An oracle was reported to have said, "No one is wiser than Socrates." And in fact it was Socrates’ life’s work to interpret these words, which demanded and defined the practice of philosophy. Each of these original essays attends carefully to the specifics of the Apology, looking to its dramatic details, its philosophic teaching, and its complexity as a work of writing to bring into focus the "Socrates" of the Apology.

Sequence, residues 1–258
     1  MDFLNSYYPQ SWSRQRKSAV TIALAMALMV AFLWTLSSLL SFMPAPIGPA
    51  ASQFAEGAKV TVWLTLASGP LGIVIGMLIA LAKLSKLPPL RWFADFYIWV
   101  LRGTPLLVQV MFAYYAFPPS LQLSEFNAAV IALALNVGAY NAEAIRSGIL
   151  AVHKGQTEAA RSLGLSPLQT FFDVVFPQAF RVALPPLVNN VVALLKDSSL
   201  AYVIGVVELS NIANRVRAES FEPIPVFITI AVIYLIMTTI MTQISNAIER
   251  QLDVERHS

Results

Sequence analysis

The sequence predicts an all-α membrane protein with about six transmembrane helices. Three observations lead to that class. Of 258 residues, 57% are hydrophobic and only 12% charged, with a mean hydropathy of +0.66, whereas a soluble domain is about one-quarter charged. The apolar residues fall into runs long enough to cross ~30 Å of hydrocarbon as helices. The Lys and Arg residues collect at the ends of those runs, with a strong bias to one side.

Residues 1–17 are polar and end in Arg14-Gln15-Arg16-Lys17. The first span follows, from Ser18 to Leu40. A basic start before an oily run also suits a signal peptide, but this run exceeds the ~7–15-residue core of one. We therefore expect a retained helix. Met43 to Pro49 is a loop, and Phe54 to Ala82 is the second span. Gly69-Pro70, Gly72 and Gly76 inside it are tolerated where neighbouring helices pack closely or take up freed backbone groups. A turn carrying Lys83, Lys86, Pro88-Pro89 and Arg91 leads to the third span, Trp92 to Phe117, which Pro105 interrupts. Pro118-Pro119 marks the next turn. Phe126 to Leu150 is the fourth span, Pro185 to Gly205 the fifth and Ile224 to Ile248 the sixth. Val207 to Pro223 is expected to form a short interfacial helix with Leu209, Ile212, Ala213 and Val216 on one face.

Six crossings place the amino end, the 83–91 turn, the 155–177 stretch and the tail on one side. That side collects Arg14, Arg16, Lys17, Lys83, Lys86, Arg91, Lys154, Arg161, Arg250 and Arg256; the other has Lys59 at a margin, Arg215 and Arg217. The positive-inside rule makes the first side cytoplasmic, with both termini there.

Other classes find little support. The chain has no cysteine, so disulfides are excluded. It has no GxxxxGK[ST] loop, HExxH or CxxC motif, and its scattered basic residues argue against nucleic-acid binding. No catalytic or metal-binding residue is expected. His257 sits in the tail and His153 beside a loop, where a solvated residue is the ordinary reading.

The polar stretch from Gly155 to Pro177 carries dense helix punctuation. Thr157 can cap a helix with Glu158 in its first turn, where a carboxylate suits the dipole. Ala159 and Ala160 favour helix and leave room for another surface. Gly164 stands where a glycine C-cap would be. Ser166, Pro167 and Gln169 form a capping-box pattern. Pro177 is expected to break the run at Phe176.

Overall, the contributors, distinguished scholars of ancient philosophy, share a belief in the unity of the letter and the spirit of Platonic philosophy: the conviction that the Platonic text cannot be reached except through reading and cannot be read except through thinking. In this way, the readings in this volume mirror Socrates’ own hermeneutical practice of uniting the demands of the mind and the demands of the text—the Socratic "examination." The result, true to the Socratic injunction that the unexamined life is not worth living, continues that practice of examination, here offering a reexamination of Socrates in the Apology.